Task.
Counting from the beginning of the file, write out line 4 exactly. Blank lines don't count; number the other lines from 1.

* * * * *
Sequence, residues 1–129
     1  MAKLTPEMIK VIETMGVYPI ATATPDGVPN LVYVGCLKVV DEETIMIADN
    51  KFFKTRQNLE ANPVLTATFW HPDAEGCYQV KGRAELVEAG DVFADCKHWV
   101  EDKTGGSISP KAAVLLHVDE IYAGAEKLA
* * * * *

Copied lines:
   101  EDKTGGSISP KAAVLLHVDE IYAGAEKLA